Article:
NHS hospitals infested with a dozen varieties of vermin

Story from the UK Telegraph. (H/T Secondhand Smoke via ECM)


Ants in operating theatres and maternity, cockroaches in x-ray and mice in A&E are some of the 30,000 pest infestations in NHS hospitals over the last four years, figures have revealed.

Data released under the Freedom of Information Act shows NHS hospitals in England have dealt with almost 30,000 pest infestations since 2006. Exterminators were called to deal with black ants, wasps, rodents, cluster flies, biting insects, silver fish, woodlice, bird mites, maggots, pigeons, red spiders, may bugs, mosquitoes, ladybirds, bees, mice and fleas.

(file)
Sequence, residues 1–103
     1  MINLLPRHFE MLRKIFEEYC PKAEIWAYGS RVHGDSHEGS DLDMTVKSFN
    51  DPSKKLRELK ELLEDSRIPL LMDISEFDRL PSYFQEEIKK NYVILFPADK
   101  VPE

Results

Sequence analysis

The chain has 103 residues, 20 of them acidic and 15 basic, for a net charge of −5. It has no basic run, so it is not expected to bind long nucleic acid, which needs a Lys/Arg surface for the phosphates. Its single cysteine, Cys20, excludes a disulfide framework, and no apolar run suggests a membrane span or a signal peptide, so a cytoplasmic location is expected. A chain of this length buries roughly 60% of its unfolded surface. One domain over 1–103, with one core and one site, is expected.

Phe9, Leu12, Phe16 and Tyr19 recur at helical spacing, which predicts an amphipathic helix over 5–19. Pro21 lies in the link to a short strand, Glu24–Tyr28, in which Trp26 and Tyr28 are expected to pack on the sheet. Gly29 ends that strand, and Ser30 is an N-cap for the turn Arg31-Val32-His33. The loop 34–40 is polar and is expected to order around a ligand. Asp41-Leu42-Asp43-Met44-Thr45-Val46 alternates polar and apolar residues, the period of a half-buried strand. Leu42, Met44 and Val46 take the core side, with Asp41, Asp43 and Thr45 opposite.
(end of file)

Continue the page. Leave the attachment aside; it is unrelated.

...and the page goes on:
The pests were found in all areas of hospitals including patient wards, operating theatres, maternity units, A&E and children’s wards as well as in kitchens, maintenance, offices and staff accommodation. On average 70 exterminators are called out each day to NHS hospitals in England and often deal with more than one infestation at a time.

When the consumers are not the ones paying the bills, and there are no competing vendors, what possible incentive is there for the service providers to provide quality service? There is no inventive, and so there is no quality service.

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